Wisconsin Wines and Vineyards
Here’s a juicy bit of information: Wisconsin’s first grape vineyard was planted in 1846, two years before Wisconsin even gained statehood. According to UW-Madison, Agoston Haraszthy—a Hungarian immigrant—planted that vineyard “on the east bank of the Wisconsin River and founded the community that would become Sauk City.” He relocated westward just three years later, settling in Seminole, CA, where he established the famous Buena Vista Vineyard. His vineyard lands in Wisconsin would later on become the site for one of Wisconsin’s oldest wineries.
The grape variety traditionally used in winemaking did not grow well in North America, a fact realized only after many failed attempts in the British colonies along the Atlantic coast during the 1600s and 1700s. UW-Madison states, “It was not until the 1740 discovery of the Alexander grape in Philadelphia that North American wine production became feasible.” This viable new option piqued an interest in hybridization, which 100 years later resulted in grapes that are able to thrive in Wisconsin.
Starting in 1943, Elmer Swenson began breeding grapes at his 120-acre farm near Osceola. He started crossing French hybrid grapes with selections of the local wild species in the hopes of creating a great tasting grape that could grow in Wisconsin’s climate. He eventually began doing some of his work at the University of Minnesota while working as a gardener there, but the bulk of it remained at his home farm. Throughout his life, he developed numerous cultivars that are still used today, including five patented cultivars that became key contributors to the growth of Midwest winemaking.
The first licensed winery in Wisconsin, von Stiehl Winery, opened in 1967 in Algoma. According to their website, there were no wineries in Wisconsin at that time, so a local physician, Dr. Charles Stiehl, “asked the state to create a winery license to legally sell his Door County Cherry Wine.” Five years later, in 1972, Bob Wollersheim purchased the land that had been Agoston Haraszthy’s vineyard—which had been serving as a conventional Wisconsin farm since 1899—and established Wollersheim Wineries on the site. By 2007, Wisconsin was home to 41 wineries utilizing about 480 acres of grapes.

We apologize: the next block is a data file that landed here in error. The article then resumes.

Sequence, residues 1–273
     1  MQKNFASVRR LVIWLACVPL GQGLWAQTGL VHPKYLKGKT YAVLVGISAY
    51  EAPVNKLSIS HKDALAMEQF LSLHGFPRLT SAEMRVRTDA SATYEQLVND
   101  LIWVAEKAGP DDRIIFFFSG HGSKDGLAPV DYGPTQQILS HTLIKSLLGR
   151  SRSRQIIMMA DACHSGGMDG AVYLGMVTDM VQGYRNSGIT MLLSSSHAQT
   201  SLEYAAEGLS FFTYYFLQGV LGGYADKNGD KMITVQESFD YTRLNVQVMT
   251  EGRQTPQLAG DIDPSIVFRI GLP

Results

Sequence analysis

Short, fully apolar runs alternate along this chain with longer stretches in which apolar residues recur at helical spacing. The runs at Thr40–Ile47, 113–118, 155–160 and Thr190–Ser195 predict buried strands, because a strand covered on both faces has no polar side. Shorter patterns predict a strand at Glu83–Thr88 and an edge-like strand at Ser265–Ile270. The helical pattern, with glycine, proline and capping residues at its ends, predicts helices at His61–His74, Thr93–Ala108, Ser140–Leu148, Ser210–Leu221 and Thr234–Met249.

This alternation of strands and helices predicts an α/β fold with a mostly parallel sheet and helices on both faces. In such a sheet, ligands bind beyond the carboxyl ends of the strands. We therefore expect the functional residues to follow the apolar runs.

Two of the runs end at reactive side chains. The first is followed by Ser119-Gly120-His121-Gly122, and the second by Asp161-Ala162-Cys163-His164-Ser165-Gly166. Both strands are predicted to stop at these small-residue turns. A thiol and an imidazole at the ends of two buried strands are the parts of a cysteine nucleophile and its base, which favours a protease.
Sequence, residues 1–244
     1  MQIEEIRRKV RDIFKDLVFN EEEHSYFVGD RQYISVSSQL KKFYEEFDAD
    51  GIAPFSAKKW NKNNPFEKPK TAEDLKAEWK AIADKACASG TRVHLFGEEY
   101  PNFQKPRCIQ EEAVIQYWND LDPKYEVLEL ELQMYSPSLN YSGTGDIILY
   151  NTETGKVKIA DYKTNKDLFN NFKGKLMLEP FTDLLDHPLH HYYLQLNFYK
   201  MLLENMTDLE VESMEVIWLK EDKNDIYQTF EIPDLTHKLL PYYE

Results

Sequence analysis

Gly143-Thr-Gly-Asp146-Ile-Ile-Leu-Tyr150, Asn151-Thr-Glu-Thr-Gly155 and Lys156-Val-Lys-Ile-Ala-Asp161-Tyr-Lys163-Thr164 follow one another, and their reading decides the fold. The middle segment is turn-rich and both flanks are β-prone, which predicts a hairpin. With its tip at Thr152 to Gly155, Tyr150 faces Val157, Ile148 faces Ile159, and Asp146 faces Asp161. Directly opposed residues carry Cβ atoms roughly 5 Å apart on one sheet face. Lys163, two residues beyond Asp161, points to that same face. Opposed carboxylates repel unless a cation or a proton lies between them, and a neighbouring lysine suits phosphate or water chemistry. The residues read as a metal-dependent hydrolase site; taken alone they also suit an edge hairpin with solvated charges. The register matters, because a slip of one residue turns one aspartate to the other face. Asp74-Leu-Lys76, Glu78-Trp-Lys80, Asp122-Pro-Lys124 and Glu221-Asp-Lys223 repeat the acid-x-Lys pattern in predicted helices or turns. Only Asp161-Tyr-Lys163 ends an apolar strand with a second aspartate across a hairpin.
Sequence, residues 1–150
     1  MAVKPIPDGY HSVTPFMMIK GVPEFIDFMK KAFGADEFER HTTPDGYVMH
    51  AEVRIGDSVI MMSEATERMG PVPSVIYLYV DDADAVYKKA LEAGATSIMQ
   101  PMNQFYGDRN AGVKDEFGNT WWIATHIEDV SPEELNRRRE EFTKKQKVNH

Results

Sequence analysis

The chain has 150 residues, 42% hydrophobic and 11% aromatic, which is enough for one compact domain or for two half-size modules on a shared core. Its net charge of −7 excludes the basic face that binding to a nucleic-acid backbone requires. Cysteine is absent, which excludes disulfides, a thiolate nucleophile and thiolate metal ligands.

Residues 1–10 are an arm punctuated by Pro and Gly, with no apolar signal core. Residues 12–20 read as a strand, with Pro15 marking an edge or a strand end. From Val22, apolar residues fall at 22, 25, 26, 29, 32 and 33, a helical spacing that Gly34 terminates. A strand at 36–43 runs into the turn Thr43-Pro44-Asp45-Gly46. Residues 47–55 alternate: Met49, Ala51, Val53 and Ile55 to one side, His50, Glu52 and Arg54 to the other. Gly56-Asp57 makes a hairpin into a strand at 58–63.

As more cold-hardy varieties were developed, the number of wineries grew exponentially, tripling in the 10-year period after 2007. Currently, Wisconsin’s more than 100 wineries utilize 800 acres of vineyards for grapes, plus many additional acres for other fruits used to produce wines including apples, cherries, rhubarb, and more.
Whether using grapes or some other fruit, wine is formed when yeast consumes the sugars of fermenting fruit, which produces ethanol, carbon dioxide, and heat. Wineries will press the fruit to extract the juice, then add that juice and their other ingredients into a fermentation tank. These tanks are where the real magic happens! This process can take a handful of days or several months, depending on the fruit and the specific type of wine being made. Sweet wines are typically produced when the fermentation period is stopped before the yeast has consumed all of the sugar, whereas letting all of the sugar be consumed by yeast produces a dry wine. After fermentation, wine is usually filtered, stored, and aged. When ready, wines will be bottled, labeled, and sent to tasting rooms or stores across the country!
The other top Alice candidates and I were able to tour Staller Estate in Delavan as part of the 76th Alice in Dairyland Finals back in May. We started our tour where all good wines begin—in the vineyard—learning about the maintenance of the crop. We then went to their processing area to see just what is needed to turn those grapes into wine. Fittingly for Alice in Dairyland, their fermentation tanks are actually repurposed bulk tanks from dairy farms! Everything from harvesting to bottling and labeling is done on-site for Staller Estate Winery, before their products are sold in their store, sampled in their tasting room, or sent to local grocery stores.
If all of this reading about vinting has left you thirsting for a new brand of wine to try, visit the Wisconsin Winery Association at wisconsinwineries.org. They have more information about the history of winemaking in Wisconsin, a product locator for different varieties of wine, and a directory to all of the wineries in Wisconsin. As you responsibly enjoy your next bottle, raise a glass to the dedication and commitment of the former and current growers, processors, and groundbreakers of Wisconsin wines.